Electrosteel, a French company specialising in the supply of pipelines, has just won a €7 million contract in Burkina Faso as part of the drinking water supply project in the capital Ouagadougou.
The government of Burkina Faso wants to guarantee “access to drinking water for all” in the capital. To this end, it has launched the Ouagadougou Drinking Water Supply Project, led by the National Office for Water and Sanitation (Onea). Following a call for tenders, the French company Electrosteel was selected. The €7 million contract has been signed with Onea and the company will therefore be able to start work.
In the coming weeks, Electrosteel will start supplying pipes and fittings in ductile iron DN 300 to 900 for the drinking water network. Initially, the company will supply 25 Kilometres of main pipes DN 900-600, then 42 Kilometres of secondary pipes DN 500-300. The DN 700 pipes will be laid in the city centre of Ouagadougou.
The Ziga II project
Better known as Ziga II, the Ouagadougou drinking water supply project was launched in 2015. The water, which will arrive in the capital, will be pumped from the Ziga River, on which a water retention dam has been built. The water is first treated in a 75,000 m3 per day capacity plant before being consumed by the more than 457,000 people targeted by the project.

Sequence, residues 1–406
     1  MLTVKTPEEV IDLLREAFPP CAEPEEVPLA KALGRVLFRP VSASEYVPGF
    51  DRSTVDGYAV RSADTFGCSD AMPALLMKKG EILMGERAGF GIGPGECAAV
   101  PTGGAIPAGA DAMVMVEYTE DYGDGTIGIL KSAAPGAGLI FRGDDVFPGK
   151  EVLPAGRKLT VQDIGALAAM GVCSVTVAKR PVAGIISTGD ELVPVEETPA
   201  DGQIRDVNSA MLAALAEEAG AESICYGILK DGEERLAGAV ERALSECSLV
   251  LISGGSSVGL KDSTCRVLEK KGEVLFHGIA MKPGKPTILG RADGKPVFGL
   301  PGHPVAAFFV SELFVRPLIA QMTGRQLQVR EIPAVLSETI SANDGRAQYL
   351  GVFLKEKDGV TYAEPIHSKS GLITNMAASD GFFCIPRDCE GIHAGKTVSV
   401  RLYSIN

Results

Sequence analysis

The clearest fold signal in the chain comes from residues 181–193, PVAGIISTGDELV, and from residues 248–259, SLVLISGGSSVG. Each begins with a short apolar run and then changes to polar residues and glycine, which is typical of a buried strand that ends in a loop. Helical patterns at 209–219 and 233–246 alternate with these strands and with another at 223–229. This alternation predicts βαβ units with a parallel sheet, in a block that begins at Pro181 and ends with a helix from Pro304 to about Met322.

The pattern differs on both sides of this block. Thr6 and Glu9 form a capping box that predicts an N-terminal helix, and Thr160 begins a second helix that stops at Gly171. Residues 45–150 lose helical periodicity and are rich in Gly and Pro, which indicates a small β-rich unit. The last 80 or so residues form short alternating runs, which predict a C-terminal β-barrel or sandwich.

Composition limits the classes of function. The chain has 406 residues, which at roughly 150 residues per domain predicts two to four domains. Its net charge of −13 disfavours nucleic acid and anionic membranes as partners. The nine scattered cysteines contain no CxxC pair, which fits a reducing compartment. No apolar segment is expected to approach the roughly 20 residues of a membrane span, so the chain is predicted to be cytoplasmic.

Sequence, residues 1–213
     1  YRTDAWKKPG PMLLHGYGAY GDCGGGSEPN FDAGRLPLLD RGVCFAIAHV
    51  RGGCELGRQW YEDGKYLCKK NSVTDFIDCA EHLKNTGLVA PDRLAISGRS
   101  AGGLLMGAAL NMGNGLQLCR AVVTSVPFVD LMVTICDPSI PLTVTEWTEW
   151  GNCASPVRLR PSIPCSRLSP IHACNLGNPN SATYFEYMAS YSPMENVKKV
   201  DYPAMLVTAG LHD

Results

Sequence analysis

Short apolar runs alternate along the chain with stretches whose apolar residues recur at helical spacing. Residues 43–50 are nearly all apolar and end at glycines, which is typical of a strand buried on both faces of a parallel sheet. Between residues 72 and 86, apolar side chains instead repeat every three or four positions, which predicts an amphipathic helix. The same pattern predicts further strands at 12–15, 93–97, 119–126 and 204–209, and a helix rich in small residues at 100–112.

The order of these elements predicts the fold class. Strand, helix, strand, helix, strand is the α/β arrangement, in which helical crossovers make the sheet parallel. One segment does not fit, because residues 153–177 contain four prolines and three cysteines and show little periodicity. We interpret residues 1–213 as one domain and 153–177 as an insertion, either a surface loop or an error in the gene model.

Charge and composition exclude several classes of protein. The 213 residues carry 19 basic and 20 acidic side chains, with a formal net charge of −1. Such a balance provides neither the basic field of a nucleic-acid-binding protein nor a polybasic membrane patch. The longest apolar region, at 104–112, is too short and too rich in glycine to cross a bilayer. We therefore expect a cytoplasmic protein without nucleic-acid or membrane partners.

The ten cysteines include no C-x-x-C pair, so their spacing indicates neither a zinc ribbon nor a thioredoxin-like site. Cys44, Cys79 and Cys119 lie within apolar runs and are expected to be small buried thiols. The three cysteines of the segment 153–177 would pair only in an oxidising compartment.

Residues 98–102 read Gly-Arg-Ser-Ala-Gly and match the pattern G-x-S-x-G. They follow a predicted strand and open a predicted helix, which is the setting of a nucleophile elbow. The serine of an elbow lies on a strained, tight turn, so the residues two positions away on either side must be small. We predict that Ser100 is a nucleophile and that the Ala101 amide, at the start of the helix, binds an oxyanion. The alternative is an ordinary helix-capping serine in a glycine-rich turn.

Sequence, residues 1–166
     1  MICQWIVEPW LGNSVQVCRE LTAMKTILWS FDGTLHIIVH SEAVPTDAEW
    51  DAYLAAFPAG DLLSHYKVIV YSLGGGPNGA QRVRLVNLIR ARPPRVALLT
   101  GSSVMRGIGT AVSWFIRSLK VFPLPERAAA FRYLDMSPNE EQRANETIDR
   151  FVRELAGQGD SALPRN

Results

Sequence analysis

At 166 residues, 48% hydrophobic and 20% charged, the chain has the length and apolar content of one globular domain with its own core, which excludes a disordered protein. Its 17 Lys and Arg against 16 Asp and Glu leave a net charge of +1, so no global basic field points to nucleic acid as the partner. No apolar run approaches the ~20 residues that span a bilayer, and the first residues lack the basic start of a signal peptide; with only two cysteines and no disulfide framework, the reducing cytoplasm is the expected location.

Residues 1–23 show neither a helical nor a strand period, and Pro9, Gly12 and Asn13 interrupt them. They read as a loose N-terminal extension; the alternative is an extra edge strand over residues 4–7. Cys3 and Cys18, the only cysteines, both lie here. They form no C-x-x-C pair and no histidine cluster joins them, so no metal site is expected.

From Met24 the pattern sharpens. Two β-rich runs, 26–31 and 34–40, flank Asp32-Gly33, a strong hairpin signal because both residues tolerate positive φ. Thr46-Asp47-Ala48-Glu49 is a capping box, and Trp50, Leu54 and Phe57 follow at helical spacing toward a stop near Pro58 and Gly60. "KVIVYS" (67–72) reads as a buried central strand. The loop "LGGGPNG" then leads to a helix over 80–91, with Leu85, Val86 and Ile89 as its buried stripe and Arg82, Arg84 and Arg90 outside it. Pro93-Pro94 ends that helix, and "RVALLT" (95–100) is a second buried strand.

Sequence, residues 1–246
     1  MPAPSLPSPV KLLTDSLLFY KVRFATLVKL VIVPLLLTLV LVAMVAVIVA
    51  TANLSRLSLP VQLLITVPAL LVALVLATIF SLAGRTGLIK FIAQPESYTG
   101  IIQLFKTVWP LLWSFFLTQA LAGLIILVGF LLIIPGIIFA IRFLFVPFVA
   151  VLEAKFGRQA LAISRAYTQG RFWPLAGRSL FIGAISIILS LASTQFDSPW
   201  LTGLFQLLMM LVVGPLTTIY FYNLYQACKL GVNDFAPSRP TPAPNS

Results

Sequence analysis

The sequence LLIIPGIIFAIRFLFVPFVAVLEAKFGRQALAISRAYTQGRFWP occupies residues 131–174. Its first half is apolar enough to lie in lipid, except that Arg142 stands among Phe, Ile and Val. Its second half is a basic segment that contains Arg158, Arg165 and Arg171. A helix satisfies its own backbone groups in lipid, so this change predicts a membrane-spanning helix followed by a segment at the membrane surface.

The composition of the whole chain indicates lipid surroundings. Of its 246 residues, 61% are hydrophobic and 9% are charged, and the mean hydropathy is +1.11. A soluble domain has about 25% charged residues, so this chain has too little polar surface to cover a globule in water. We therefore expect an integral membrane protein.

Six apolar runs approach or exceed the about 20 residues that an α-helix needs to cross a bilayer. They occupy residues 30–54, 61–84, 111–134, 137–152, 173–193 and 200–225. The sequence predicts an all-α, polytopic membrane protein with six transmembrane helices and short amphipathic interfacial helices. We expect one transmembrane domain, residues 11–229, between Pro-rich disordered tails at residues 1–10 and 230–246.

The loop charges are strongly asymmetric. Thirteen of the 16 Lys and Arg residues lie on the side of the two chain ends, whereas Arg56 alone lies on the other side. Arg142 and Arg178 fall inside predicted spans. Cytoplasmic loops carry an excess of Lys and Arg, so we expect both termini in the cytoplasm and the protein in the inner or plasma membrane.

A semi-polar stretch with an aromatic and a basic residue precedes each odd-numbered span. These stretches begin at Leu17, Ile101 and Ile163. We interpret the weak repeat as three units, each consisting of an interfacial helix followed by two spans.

The supply will be provided through the construction of 160 standpipes and 52,000 social connections. The infrastructures should make it possible to “meet the capital’s water needs by 2030”. The total cost of the project is 105 billion CFA francs, or more than 160 million euros. It has received funding from the French Development Agency (AFD), the World Bank; the European Investment Bank (EIB), the Arab Bank for Economic Development in Africa (BADEA) and the OPEC Fund for International Development ( OFID).
The Ziga II project replaces Ziga I, which has enabled the construction of some 20 reservoirs and water towers as well as 50,000 social connections and 400 standpipes. The infrastructure produces 200 million m3 of water per day. The first project on the Ziga River has helped to address the severe water shortages that Ouaga has experienced in the past.
Jean Marie Takouleu